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In the Lead: Katharina Zellweger

Banner-I.jpg IWF Hong Kong member and 2019 WWMD honoree Katharina Zellweger (in black) poses with female cataract patients in North Korea.

For this edition of In the Lead, we are delighted to feature one of the extraordinary Women Who Make a Difference honorees who will be celebrated at our International Hall of Fame Awards Gala in Toronto on November 15. IWF Hong Kong member Katharina Zellweger manages KorAid Limited, a Hong Kong-based NGO she established in 2015 that serves children in institutions and the disabled in North Korea and China.

Katharina has 30-plus years of experience as a senior aid manager in Hong Kong, China and North Korea. She is an expert in humanitarian and security issues on the Korean peninsula. We spoke with Katharina on U.N. International Day of Peace (September 21) about why she chose to focus on North Korea, an often-misunderstood country.

You have said that you always wanted to work with people “at the fringe.” What drew you to working with these groups and in humanitarian aid?

At a young age, I had already decided that I wanted to work beyond the borders of my country, Switzerland. I wanted to experience different cultures, be able to serve, to share. But more than that, to face challenges and help solve problems. Being an aid worker has given me a unique opportunity to be able to do all of this. Early in my career, the Caritas motto – “a world in which one person suffers less is a better world” – influenced me greatly. This belief has helped me not to give up, even when situations seem to be unsurmountable.

Why did you decide to focus your work on North Korea? With so many communities in need of assistance, what attracted you to this part of the world?

The situation in North Korea – a protracted, entrenched humanitarian situation – is largely forgotten or overlooked by the rest of the world. The United Nations estimates that 11 million ordinary men, women and children lack sufficient nutritious food, clean drinking water or access to basic services like health and sanitation. But because there is only a small international aid community active in North Korea (just a few UN agencies and a few European non-governmental organizations), I felt it would be worthwhile for me to stay involved and use the expertise and knowledge I gained while working for Caritas and the Swiss government (in the latter, five years in Pyongyang where I observed and assessed in a very direct way) and to continue helping the people there. Today, the new foundation I established, KorAid, primarily supports people with disabilities and children in institutions – for they, too, deserve a better life.

You have lived and worked in a country about which there is very little knowledge. What do you wish the Western world knew about North Korea and its people?

If one says, “North Korea,” almost everybody thinks of the country’s nuclear program, the recent Singapore and Hanoi summits between U.S. President Trump and North Korean leader Kim Jong Un, and images of starving children. Forgotten are the 24 million ordinary individuals who only happen to have been born there and who are struggling day by day just to get by. Those are the people I care about.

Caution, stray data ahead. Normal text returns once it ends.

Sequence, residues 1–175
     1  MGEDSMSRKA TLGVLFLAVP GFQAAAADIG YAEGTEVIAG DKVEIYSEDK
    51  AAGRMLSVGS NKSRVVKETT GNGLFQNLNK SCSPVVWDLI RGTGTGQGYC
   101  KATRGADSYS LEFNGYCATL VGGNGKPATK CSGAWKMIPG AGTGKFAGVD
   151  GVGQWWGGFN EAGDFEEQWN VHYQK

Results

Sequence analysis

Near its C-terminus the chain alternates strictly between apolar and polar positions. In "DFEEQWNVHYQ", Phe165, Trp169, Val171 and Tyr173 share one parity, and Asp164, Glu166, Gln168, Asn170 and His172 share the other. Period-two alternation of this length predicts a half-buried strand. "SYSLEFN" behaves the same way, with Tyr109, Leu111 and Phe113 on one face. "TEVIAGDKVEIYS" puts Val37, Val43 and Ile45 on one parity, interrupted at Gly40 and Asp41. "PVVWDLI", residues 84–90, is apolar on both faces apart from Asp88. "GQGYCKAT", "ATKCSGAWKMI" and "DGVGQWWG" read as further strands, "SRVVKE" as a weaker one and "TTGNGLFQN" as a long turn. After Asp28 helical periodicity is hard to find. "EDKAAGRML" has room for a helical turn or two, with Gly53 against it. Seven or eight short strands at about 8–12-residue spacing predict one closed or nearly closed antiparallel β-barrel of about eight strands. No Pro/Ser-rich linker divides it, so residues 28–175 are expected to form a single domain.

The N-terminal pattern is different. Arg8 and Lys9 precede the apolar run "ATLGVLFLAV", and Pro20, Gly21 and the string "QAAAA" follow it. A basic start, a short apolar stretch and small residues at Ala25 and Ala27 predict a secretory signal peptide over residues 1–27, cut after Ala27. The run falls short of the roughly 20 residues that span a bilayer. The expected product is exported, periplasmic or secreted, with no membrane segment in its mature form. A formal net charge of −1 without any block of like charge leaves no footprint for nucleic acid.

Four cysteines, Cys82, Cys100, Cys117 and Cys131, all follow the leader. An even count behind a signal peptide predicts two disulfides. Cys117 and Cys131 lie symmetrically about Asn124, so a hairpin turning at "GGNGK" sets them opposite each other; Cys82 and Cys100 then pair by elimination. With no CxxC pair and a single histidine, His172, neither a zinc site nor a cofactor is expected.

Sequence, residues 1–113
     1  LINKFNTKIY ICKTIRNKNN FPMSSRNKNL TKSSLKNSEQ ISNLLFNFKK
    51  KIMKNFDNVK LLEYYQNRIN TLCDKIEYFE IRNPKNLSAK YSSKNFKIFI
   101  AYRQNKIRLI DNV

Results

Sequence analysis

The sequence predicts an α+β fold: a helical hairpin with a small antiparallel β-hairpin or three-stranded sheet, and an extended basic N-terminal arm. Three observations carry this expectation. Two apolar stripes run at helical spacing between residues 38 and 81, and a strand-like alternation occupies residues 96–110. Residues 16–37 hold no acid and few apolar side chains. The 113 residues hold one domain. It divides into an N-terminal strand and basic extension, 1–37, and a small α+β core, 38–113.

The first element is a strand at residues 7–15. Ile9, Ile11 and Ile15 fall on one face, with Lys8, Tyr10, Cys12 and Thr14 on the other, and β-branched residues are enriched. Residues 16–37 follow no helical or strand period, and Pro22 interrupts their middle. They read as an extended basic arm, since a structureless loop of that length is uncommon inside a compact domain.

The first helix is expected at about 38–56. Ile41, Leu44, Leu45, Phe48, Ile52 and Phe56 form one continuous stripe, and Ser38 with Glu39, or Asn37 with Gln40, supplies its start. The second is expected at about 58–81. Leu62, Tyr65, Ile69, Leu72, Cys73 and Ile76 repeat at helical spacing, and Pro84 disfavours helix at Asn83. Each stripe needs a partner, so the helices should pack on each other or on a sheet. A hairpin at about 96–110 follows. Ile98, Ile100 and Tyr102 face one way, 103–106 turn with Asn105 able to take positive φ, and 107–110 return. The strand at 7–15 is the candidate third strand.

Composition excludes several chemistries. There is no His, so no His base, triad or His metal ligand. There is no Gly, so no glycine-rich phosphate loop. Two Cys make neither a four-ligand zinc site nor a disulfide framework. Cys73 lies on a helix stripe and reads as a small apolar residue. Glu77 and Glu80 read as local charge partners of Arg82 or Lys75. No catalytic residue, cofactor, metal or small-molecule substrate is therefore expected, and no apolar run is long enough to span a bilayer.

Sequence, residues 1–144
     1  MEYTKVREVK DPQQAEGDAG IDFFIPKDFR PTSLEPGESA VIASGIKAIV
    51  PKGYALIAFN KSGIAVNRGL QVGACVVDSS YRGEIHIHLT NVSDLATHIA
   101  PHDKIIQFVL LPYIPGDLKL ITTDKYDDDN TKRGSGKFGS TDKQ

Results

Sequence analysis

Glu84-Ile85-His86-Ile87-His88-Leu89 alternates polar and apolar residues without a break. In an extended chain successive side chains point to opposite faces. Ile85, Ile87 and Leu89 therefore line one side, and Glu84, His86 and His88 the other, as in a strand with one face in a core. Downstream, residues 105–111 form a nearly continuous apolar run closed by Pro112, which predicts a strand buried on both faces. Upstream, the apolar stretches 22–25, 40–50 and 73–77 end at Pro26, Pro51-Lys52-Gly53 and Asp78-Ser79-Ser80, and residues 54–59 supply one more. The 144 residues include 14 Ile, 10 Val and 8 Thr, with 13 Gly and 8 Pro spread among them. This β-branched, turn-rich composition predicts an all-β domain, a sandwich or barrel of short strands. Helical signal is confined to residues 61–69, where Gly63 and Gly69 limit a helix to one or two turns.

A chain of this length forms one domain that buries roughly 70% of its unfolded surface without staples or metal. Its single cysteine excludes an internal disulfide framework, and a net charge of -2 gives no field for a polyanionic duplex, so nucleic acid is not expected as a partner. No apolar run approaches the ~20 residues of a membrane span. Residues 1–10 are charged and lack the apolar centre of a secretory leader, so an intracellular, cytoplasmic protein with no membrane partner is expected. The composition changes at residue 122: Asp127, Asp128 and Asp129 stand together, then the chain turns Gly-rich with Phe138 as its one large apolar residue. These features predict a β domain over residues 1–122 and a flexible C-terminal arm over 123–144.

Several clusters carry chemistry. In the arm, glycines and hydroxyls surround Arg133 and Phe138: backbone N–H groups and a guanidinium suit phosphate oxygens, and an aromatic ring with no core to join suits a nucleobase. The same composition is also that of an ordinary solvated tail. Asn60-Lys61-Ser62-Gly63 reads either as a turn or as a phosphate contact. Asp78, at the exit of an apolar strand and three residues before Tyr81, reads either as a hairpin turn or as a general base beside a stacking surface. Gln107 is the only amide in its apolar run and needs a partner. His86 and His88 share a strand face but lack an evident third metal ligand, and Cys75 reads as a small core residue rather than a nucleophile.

Tell us about a development project you are most proud of. What do you think is important for such a project to succeed?

Having worked in humanitarian aid and development cooperation for some 40 years, it is hard to choose only one project, so let me introduce two present engagements in North Korea:

  • We are supporting annually about 8,000 cataract operations by importing lenses, special eye drops and some basic equipment. After having the procedure, the beneficiaries – farmers, laborer, office workers, homemakers and retirees – will be able to return to work, benefitting their families and society.
  • We are also assisting with training programs for staff at care institutions, as well as parents and caregivers, to help special needs children. For example, in June we hosted four days of workshops covering mostly autism and ADHD – both new fields for North Korea. But of course, much more needs to be done.

A small amount of money can go a long way. A donation of less than USD $10 to KorAid Limited can help a recipient of lenses get his or her eyesight back. In the affluent West, we spend that much on coffee and a croissant.

You have been a member of IWF for over 15 years. What attracted you to our membership and how has your IWF experience influenced your professional journey?

I treasure the membership at IWF Hong Kong. We are some 60 members from different cultures, backgrounds and careers, and we meet regularly to share information, knowledge and ideas, and learn from each other. I am committed to women supporting each other, building up a solid network of women leaders in the world, and becoming a part of solutions worldwide. Whenever I travel, which is a great deal through my work, it is easy to find another IWF forum and link up with members there, exchange ideas and develop friendships.

About IWFglobal
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For this edition of In the Lead, we are delighted to feature IWF Hong Kong Member Katharina Zellweger.
In the Lead: Katharina Zellweger
International Women's Forum